There are dumplings, then there are these dumplings. Plump to the point of corpulence they are bursting with unexpected flavours – like carrot shreds and tiny cubes of potato spiced with mustard seed and cumin; or meat spiced with cassia bark, cardamon, pepper, and sugar mixed through with a tiny soft local root tuber called droma.
The shapes are beautiful and give a clue to what filling is inside, but don’t be tempted to over-order – two or three dumplings are enough for a meal.
2. Blood sausage xiěcháng血肠
Blood sausage may not sound like something you’re dying to sink your teeth into, but the flavour is rich, mildly spiced, pleasingly savoury and strong.
Similar to Scottish black pudding, xiechang is made from peppered and spiced sheep’s blood and roast barley. A white version contains the same ingredients save for the sheep’s blood.
Liang fen is Qinghai’s most famous street snack, sold from tiny shop fronts and market stalls (you’ll know which ones by the quivering yellow dome of jelly surrounded by ten bowls of different sauces and condiments). It’s a cold dish with a spicy kick, perfect for the summer months.
The base looks a lot like noodles but is actually shaved mung bean or pea jelly topped with a mysterious blend of vinegar, garlic and sauces, with a healthy serve of chili la jiao on top. There are ground peanuts and sesame seeds mixed through the la jiao to give it textural contrast and nuttiness against the cold, slippery ‘noodles’.
Yak milk, yak yoghurt and bright yellow yak butter are everyday staples in Qinghai. The yak butter is used in cooking and making tea but is also used in monasteries to make coloured yak butter devotional sculptures or burnt as a votive offering.
Yoghurt made with yak milk is set in the bowl and is creamy with a soft tartness and a fine sheen of yellow cream on top. Many people eat it as is, straight from the bowl, or sprinkle it with a teaspoon of sugar first.
5. Shining Cooking Pot Bread kūn guō mómó 焜锅馍馍
What a glorious name for a loaf of bread! Wheat bread dough is rolled up with oil and turmeric, a popular food colouring in Qinghai (see the yellow mantou steamed buns below) and layer by layer placed in a deep cooking pot or tin, taking the shape of the pot as it cooks.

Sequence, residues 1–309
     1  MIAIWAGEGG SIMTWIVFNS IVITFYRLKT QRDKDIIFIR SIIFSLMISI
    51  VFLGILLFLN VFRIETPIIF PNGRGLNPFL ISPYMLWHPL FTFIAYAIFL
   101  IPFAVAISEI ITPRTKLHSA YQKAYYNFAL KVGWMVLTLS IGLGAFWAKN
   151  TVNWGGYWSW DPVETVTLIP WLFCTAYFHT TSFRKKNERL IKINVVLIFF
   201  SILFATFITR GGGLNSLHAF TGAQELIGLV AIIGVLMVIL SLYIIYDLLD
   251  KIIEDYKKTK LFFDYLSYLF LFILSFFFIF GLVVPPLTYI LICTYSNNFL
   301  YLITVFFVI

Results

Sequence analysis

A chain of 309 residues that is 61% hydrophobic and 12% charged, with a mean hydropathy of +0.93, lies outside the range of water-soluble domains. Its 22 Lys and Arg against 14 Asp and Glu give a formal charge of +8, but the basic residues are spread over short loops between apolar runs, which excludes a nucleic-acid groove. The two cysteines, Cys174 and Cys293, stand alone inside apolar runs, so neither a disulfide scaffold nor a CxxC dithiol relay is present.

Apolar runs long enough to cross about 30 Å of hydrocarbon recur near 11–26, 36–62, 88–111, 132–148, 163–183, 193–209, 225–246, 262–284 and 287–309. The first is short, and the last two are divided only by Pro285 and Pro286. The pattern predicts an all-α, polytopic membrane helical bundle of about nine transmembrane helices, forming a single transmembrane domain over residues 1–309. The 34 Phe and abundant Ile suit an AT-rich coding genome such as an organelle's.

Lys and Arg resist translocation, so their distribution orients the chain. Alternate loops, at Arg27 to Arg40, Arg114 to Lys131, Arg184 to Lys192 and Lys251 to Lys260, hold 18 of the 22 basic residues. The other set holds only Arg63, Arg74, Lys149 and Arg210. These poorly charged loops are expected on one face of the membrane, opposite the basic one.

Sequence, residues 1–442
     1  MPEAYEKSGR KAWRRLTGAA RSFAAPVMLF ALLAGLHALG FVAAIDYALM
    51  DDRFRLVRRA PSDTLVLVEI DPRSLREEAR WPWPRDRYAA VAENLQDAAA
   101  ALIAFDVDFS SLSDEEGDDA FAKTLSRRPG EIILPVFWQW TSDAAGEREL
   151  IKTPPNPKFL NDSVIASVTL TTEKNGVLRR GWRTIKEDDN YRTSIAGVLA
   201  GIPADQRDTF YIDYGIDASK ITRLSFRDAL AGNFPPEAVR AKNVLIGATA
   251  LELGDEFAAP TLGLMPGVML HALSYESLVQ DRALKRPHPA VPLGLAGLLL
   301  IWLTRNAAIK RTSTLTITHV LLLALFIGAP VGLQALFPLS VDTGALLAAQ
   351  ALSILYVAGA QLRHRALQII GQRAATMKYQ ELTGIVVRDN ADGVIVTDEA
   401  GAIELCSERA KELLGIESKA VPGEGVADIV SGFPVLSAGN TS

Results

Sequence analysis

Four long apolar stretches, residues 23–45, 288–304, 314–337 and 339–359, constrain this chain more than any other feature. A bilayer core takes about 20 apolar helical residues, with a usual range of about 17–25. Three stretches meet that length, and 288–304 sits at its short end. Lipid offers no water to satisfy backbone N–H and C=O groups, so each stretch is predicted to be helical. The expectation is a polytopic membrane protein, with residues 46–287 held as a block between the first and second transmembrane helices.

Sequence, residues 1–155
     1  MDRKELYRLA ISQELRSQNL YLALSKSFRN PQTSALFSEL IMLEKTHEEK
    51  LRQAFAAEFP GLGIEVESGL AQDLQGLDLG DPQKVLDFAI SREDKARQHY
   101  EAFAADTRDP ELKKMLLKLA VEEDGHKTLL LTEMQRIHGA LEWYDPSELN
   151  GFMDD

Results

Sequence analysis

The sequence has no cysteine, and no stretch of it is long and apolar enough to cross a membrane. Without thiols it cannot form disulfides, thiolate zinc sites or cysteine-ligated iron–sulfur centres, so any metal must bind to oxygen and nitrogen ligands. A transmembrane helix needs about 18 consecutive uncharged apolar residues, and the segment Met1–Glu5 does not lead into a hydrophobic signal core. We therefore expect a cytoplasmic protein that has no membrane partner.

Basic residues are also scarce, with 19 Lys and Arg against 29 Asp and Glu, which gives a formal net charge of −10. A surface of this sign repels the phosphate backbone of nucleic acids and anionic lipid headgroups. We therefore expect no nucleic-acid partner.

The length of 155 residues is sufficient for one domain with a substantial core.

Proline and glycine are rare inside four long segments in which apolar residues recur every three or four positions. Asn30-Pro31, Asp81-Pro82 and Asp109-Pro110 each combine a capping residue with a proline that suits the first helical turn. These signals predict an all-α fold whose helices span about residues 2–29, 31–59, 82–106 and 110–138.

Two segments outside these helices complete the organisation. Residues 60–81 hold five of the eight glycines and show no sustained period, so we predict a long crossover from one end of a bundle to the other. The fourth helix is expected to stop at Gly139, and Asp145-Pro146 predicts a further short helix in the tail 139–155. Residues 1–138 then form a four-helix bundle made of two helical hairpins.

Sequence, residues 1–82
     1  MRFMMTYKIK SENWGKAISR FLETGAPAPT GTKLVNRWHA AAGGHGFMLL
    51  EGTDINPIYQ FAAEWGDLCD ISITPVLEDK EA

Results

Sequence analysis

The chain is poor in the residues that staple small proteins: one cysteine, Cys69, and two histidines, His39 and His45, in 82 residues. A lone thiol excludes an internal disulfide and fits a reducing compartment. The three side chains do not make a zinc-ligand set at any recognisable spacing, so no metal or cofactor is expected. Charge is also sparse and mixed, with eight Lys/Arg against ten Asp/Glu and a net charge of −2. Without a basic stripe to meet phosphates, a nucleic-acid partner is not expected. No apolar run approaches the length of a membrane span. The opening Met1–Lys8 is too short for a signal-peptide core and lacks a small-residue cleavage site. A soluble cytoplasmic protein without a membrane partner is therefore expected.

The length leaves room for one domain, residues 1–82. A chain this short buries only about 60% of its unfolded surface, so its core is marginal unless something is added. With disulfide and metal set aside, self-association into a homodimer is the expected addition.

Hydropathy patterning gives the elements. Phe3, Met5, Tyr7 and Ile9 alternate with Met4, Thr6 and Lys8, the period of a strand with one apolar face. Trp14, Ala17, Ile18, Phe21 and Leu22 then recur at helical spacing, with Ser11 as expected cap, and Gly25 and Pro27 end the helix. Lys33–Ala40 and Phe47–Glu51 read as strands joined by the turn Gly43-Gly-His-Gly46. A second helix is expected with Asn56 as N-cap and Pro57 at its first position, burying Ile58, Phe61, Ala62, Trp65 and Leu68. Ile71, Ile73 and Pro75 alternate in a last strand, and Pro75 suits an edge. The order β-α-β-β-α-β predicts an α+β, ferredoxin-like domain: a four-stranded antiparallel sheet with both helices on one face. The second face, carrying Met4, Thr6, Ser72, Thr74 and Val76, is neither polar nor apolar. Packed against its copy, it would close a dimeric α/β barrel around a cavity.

The bread is light and crusty, with flavour coming from the seeds (sesame, caraway and others) sprinkled on the surface. It’s usually eaten with meat, soup or noodles.
Another poetically named dish, wheat noodle dough is rolled thin then cut into tiny diamond flag shapes before being added at the last minute to a clear broth flavoured with tomato, squash, carrot, celery, white radish, spinach and tiny pieces of mutton.
The soup has a very light, fresh taste and is often eaten with steamed mantou bread coloured with turmeric.
Sanzi are a popular street snack and also a traditional festival food for both Hui Muslims and Salar Muslims. Made by deep-frying wheat noodles, they are neither sweet nor salty, but loved for their crisp crunchiness.
8. Hand pulled lamb shōu zhuā yángròu 手抓羊肉
Don’t leave Qinghai without eating this tender and tasty lamb dish. Warmed pieces of lamb on the bone are served with a dish of spicy lajiao on the side. Shou zhua yangrou is one of the few dishes in China eaten entirely with the hands and it does get to be a messy business as the bones piles up on the table.
10. Rice cakes mǐgāo 米糕
Walking through one of Xining’s largest street markets I noticed every single person carrying a bag filled with small snow-white balls. I tracked them down to this stall, doing a roaring trade in a local specialty – a soft rice steamed cake with a sweet treat inside each one – a rich red honey-flavoured jujube, a cluster of sweet sultanas, or some sweet red beans.
Light as air, the cakes are delicious eaten warm, fresh from the steamer.
Travel China, dish by dish!